Breaking down the workplace taboo: supporting bereaved employees

Tracey Taylor-Huckfield, director of people and corporate services at Sue Ryder

Tracey joined Sue Ryder in November 2016 and has 20 years of human resource management and organisational development experience, gained across NHS organisations and major UK charities.

Bereavement is something that everyone will experience in their lives, yet as a society we still have a long way to go when it comes to feeling comfortable talking about and supporting each other through grief. I know from my role that the workplace is no exception to this, and that sometimes people struggle to get the bereavement support they need from their employer.

The conversation around workplace bereavement support has never been more important than now. Coronavirus (COVID-19) has meant that more of us have lost loved ones and some of us have had no choice but to cope with grief while being socially isolated.

Many people will feel hopeful that life will return to 'normal' soon, but people who have lost loved ones may feel that they will never be back to normal. As we begin to live with the ongoing impact of the pandemic we must not forget those who have been bereaved.

What you can do

It's always been important for employers to proactively support staff members who are going through a bereavement. But as the number of people who have experienced a bereavement has increased significantly over the past two years it's more important than ever that support measures are in place.

At Sue Ryder we support families and individuals who have been bereaved. And I'm passionate about putting into practice the expertise we have gained through our work to support our own staff. I would encourage all employers to think about how they can support bereaved employees. I've highlighted some of the ways to do this below.

Communication and empathy

Communication and empathy are essential starting points. Taking the time to speak to bereaved employees, by offering condolences and asking them what support they might need. Many people are worried about saying the wrong thing, but often the worst thing you can do is to not say anything.

Speaking about going back to work after their mum had died, one member of our online bereavement community shared:

"It was very awkward. The Management team all ignored the fact that my mum had died, [and] didn't offer any condolences to my face."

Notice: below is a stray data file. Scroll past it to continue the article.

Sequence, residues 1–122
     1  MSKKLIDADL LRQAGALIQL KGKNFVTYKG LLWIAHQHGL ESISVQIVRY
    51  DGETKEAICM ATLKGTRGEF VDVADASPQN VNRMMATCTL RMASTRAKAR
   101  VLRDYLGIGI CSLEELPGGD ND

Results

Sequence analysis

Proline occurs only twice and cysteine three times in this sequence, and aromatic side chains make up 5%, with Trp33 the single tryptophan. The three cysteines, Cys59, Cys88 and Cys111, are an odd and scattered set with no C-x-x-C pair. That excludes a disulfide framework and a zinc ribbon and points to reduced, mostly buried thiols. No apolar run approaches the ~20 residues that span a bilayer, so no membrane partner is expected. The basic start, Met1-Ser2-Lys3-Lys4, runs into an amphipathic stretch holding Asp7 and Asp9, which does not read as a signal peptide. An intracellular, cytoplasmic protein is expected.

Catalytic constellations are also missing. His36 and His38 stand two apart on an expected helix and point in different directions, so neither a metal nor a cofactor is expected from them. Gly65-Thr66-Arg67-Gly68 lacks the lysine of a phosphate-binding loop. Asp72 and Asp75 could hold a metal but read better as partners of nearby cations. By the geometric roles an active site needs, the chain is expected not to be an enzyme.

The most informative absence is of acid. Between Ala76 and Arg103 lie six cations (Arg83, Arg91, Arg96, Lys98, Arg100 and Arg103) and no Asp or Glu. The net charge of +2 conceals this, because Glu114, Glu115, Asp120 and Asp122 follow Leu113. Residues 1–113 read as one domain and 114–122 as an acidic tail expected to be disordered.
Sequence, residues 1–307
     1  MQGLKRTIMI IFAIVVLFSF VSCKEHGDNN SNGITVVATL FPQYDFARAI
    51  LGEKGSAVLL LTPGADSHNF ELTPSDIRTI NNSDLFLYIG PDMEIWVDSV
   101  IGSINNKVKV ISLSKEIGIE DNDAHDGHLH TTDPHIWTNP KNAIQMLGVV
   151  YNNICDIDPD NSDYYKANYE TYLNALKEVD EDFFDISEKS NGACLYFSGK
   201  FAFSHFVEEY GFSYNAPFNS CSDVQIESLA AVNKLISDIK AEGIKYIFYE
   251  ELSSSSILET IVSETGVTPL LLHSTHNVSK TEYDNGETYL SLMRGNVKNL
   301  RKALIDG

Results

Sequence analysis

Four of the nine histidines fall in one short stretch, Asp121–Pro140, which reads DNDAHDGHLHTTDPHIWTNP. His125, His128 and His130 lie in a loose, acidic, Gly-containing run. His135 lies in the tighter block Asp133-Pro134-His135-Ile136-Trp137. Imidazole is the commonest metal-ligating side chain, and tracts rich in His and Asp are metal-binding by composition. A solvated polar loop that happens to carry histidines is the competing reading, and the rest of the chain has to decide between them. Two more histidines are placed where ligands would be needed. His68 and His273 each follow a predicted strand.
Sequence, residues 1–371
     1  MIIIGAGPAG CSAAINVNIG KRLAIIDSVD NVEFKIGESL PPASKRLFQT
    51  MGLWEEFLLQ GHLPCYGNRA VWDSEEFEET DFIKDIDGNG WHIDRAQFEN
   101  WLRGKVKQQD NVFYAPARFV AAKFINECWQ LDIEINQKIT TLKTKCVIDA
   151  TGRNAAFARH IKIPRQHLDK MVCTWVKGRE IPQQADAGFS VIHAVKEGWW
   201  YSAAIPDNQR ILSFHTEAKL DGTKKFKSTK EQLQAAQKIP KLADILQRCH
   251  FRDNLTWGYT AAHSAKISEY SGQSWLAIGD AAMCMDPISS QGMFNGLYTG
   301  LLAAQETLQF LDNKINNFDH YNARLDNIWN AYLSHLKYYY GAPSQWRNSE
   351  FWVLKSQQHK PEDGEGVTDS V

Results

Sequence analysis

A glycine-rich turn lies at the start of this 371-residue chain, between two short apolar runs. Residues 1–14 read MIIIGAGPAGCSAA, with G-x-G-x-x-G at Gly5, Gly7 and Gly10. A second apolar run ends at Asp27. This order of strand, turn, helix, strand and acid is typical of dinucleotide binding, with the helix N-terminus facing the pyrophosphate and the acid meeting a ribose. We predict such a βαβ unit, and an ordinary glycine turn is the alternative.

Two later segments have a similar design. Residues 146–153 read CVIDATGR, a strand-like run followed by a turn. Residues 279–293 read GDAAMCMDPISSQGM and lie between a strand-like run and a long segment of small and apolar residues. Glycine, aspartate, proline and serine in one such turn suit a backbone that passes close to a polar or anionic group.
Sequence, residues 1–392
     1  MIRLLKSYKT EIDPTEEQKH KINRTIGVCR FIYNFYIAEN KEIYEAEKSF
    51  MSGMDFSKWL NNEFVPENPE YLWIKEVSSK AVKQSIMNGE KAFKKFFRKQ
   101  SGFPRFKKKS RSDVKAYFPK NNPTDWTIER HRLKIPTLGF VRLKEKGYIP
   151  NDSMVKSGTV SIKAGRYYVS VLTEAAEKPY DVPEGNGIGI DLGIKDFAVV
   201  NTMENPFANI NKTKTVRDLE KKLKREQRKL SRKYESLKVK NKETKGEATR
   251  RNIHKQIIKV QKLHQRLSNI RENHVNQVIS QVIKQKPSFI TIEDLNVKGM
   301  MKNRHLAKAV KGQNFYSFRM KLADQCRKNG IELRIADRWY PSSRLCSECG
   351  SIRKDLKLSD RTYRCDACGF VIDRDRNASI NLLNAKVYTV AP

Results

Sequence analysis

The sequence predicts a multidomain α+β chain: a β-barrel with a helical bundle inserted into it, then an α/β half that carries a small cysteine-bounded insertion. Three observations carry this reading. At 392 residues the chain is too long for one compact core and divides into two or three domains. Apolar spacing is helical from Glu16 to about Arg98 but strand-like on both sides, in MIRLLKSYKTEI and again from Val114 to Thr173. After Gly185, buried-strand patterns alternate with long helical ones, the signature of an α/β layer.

Create culture change

Both employers and employees have a responsibility to create culture change at work. We must have the courage to talk about grief and encourage open conversations – let's break down the taboo.

Working from home can make this more difficult but many important steps can still be taken. This could include sharing bereavement resources through all staff emails, making a space for these discussions in virtual team meetings and sharing messages and personal experiences on your staff intranet or internal channels.

Offer practical support

Practical support is also important. This could include offering time away from the workplace and flexibility in workloads and shift patterns. Most of us will need time off work to grieve, as well as sort out practical arrangements after a death. One member of our online bereavement community said:

"There was certainly pressure to get back to work. They called me every day which was just too much – even on the day of my husband's funeral. I had to go through attendance management and there were official letters implying I could be dismissed."

Bereavement leave policy

Develop a bereavement leave policy that provides both line managers and employees with guidance and reassurance of what to expect if they experience a bereavement. I know that staff can feel more empowered with a policy, as this can help with how and what to communicate with a bereaved employee. But it also gives employees reassurance and certainty about their situation.

Don't put a time frame on grieving

Finally, there's no time frame for grieving – everyone is different. Bereavement isn't something people 'get over' and they may need support for months, or even years. Keep channels of communication open in ways that work for bereaved colleagues to make sure they are getting the support they need, however long after the death of their loved one.

For more on how to support bereaved employees, see: